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The AAPG/Datapages Combined Publications Database

Grand Junction Geological Society


Western Synfuels Symposium Proceedings, 1985
Pages 66-76

Pilot-Scale Treatment and Cooling Tower Reuse of Gasification Wastewater

Sheila J. Galegher, Michael D. Mann, Warrack G. Willson, Gale G. Mayer, John G. Hendrikson


The principal goal of the gasification research program at the University of North Dakota Energy Research Center (UNDERC) is to develop environmental data for effluent streams from fixed-bed gasification processes using low rank coals (LRC). Current efforts involve the treatment of gas liquor wastewater streams, and subsequent reuse in process cooling towers. The relatively large volume of wastewater produced in the fixed-bed gasification of LRC’s makes the reuse of this stream in an evaporative cooling tower a desirable approach. However, the use of gas liquor as cooling tower makeup presents both operating and environmental concerns.

At UNDERC a series of cooling tower wastewater reuse tests have been performed using water pretreated to various degrees. Wastewater for each test was produced in a pilot slagging fixed-bed gasifier (SFBG) at UNDERC using North Dakota lignite from the Indian Head mine. During the first phase of testing SFBG wastewater was treated by solvent extraction and steam stripping, to reduce levels of phenolic compounds and ammonia, prior to use as makeup to a pilot mechanical draft cooling tower. In later tests, this extracted and stripped wastewater (SGL) was further treated by biological oxidation and by granular activated carbon adsorption in pilot equipment at UNDERC before being fed to the cooling tower. The final test in this series involved the use of this extensively treated wastewater with the addition of chemical corrosion and scale inhibitors as cooling tower makeup.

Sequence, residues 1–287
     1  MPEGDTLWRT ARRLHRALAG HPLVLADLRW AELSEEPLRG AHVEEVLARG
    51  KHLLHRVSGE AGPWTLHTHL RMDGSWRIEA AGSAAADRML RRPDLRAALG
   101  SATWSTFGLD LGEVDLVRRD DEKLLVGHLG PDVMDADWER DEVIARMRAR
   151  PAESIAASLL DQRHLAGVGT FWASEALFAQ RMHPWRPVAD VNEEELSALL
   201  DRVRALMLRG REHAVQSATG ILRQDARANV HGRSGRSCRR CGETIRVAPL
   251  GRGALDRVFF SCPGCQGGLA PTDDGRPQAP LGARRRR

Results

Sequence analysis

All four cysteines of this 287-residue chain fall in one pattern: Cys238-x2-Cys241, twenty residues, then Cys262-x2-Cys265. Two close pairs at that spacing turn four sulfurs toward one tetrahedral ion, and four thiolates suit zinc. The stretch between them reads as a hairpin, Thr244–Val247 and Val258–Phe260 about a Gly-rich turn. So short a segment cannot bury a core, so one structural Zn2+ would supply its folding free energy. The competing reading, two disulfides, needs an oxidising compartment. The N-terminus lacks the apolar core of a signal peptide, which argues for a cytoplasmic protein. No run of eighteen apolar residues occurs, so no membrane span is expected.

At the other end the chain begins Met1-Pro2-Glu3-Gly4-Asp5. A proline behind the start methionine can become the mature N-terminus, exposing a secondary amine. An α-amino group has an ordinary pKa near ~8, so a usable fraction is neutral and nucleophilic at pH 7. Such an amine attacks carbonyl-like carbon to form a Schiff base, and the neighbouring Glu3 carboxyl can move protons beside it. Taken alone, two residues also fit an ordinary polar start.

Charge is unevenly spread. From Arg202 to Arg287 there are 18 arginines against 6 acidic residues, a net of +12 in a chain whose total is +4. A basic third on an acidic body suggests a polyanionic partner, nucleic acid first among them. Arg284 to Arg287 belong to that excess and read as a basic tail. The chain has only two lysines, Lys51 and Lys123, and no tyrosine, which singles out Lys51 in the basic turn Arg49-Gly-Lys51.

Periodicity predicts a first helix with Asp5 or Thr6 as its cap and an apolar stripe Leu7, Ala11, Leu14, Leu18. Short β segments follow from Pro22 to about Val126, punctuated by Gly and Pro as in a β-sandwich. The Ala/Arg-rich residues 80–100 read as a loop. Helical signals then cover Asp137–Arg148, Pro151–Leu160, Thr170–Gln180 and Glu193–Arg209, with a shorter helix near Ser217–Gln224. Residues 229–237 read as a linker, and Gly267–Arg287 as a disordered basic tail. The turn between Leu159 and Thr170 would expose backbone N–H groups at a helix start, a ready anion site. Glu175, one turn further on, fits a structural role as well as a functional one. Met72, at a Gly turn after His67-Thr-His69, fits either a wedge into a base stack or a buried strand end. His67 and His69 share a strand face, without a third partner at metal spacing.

High carbon steel corrosion rates, biological and organic fouling rates, foaming, and volatile organic stripping rates were observed in the test using stripped gas liquor from slagging fixed-bed gasification. The problems with biofouling and organic emissions were alleviated by the biological oxidation pretreatment of the cooling tower feed, but carbon steel corrosion rates became even greater. The use of chemical inhibitors was shown to control the corrosivity of this water to the point where it could serve as a cooling tower makeup source without causing adverse environmental or operating conditions.

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